Time will stop on Tuesday, but only for a second. The world's timekeepers will be adding a sliver of time—a leap second—to our clocks.
Just as leap years keep our calendars lined up with Earth's revolution around the sun, leap seconds adjust for Earth's rotation. This kind of fine-tuning wasn't much of an issue before the invention of atomic clocks, whose ticks are defined by the cycling of atoms. Cesium-based clocks, one kind of atomic clock, measure the passage of time much more precisely than those based on the rotation of our planet, so adding a leap second allows astronomical time to catch up to atomic time.
It's something time scientists have done since 1972, when the first leap second was instituted. In fact, researchers inserted 10 extra seconds into the world's clocks because astronomical time and atomic time were off by so much.
"Synchronizing the planet is important for things that we take for granted, like navigation and email," says Andrew Johnston, a geographer at Smithsonian's National Air and Space Museum in Washington D.C. However, there are some time experts who argue against having a leap second, partly because of all the headaches they create every time they're added.
Most of us won't notice the addition, which happens at 23:59:59 coordinated universal time (UTC), or 7:59 p.m. ET, unless we deal in timescales shorter than a second, or if we use a computer program that crashes because it can't handle the leap second. It's happened before: The 2012 leap second brought down Reddit, Gawker Media, and Mozilla.
"It's a major interruption mostly because there are a lot of systems that aren't prepared to handle the leap second correctly," says Judah Levine, a physicist at the National Institute of Standards and Technology (NIST) in Boulder, Colorado. Leap seconds occur irregularly, which makes it hard for programmers to test their fixes, he explains.
Leap seconds don't come on a regular schedule because Earth's rotation varies, says Demetrios Matsakis, chief scientist for time services with the United States Naval Observatory in Washington D.C. Our planet is slowing down, but it does so in unpredictable ways. So some periods require more leap seconds than others.
The International Earth Rotation and Reference Systems Service continuously monitors our planet and will recommend adding leap seconds to the International Telecommunications Union (ITU). The ITU makes the ultimate decision on whether to add a leap second or not.
The last leap second was added in 2012, but in the early 1980s, time scientists were adding them every year, Levine explains.
Time to Pause
Levine is responsible for making sure the nation's timekeepers at NIST can handle the leap second. When it comes time to adjust their clock, NIST will transmit 23:59:59 UTC twice, Levine says. "Once when that time arrives, and once again for the leap second."
So 6 p.m. mountain time—the NIST offices in Colorado are seven hours behind UTC—on June 30 will be stressful. "There's a full panic mode just before and after 6 p.m.," he says.
Even if all goes well during the addition, Levine and his team are usually greeted the morning after by a deluge of emails concerning various problems.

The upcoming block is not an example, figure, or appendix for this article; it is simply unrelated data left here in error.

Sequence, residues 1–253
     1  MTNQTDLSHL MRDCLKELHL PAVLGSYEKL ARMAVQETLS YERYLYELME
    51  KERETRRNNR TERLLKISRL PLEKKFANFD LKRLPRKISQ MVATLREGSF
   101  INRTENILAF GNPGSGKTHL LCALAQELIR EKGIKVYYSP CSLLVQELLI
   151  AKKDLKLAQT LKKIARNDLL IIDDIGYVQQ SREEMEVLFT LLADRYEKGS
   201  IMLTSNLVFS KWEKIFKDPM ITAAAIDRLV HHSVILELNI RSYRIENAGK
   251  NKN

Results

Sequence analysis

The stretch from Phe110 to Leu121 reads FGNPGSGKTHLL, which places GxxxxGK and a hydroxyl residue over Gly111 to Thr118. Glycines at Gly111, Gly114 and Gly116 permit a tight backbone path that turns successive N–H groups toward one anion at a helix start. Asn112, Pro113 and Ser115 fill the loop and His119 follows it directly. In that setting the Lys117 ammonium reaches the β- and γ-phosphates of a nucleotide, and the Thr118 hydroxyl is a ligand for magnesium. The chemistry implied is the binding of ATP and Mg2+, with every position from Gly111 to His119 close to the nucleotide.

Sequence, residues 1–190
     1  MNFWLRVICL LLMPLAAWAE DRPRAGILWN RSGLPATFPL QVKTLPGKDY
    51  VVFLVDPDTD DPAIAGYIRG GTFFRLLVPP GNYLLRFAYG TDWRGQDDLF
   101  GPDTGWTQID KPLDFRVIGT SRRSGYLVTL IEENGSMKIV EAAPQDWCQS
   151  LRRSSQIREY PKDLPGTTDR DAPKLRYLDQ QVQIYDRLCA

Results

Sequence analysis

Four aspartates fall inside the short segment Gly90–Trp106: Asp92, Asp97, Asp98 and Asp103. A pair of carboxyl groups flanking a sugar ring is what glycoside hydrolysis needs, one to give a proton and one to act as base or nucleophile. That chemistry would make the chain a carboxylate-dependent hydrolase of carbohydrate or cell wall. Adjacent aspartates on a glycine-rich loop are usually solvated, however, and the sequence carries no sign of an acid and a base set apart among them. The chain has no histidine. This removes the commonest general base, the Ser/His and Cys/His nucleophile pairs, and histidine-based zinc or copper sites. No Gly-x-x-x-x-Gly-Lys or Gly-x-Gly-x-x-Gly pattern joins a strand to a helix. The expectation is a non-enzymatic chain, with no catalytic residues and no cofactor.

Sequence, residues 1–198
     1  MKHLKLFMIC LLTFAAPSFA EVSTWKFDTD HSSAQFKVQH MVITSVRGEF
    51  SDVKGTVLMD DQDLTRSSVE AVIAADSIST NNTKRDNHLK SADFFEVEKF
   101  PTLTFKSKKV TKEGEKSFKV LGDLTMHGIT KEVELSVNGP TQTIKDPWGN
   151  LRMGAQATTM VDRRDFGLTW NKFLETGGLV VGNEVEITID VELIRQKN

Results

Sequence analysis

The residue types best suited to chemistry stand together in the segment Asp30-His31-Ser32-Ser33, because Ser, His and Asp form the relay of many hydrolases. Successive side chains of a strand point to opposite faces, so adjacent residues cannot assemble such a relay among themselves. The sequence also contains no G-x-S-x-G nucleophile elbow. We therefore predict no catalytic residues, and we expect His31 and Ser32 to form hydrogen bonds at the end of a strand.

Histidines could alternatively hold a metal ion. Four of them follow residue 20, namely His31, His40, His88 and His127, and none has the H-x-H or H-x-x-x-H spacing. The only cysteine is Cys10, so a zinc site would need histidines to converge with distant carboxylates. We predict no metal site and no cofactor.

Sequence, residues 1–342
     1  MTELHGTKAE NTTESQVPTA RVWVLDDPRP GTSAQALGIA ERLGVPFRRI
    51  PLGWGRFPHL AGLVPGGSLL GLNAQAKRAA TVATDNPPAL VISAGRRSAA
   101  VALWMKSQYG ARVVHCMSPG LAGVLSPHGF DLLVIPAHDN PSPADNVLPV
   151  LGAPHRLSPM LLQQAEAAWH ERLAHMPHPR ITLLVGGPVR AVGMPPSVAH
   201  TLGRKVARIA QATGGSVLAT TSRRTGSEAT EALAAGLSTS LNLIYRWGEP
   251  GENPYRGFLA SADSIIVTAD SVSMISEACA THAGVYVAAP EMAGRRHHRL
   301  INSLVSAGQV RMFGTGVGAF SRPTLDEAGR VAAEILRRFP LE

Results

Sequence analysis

Not everyone recognizes the leap second, although Apple does so on its devices. Google mobile devices sync with internet time services that are usually tied to atomic clocks. But "if you have a standard Windows system, [it] just ignores the leap second," Levine says.
Clocks on Microsoft systems will correct themselves the next time they sync with a Network Time Protocol server online.
Financial markets like the New York Stock Exchange also take the leap second into account. The exchange will close the market a half hour earlier than normal, at 7:30 p.m. ET on June 30, to help their systems deal with the addition.
Navigation services, like the U.S. Global Positioning System (GPS), never use leap seconds, Levine says. That's because they need accurate measures of time in their calculations. If they stopped their internal clocks for the leap second, they would get inaccurate positions.
The end-user isn't aware of this because the GPS system will still send information to the receivers we use—whether it's something we've picked up in an outdoor equipment store or our smartphones—about the leap second. So we'll see the correct time on our devices. But "true GPS time is off from civilian time by something like 16 seconds," says Levine.
Dropping the Leap Second
The headaches caused by the leap second have prompted some to recommend doing away with it all together. The organization responsible for deciding when to add a leap second has deferred making a decision on the issue but will discuss it again later this year, Levine says.
The Smithsonian's Johnston is "agnostic" about the leap second, although he knows plenty of engineers who would love to do away with it. "But folks I know in the astronomy community would prefer to keep [leap seconds]," he says.
"Things seem to be going the direction of stopping leap seconds," Johnston says. But people will have to wait and see what the International Telecommunications Union decides.
"My personal preference is that we stop doing this business," says NIST's Levine. "The price for that would be atomic time would slowly walk away from astronomical time." But it would only be about a minute or two difference over a hundred years.
Levine doesn't think that would be so bad. Doing away with the leap second "would make my life easier."
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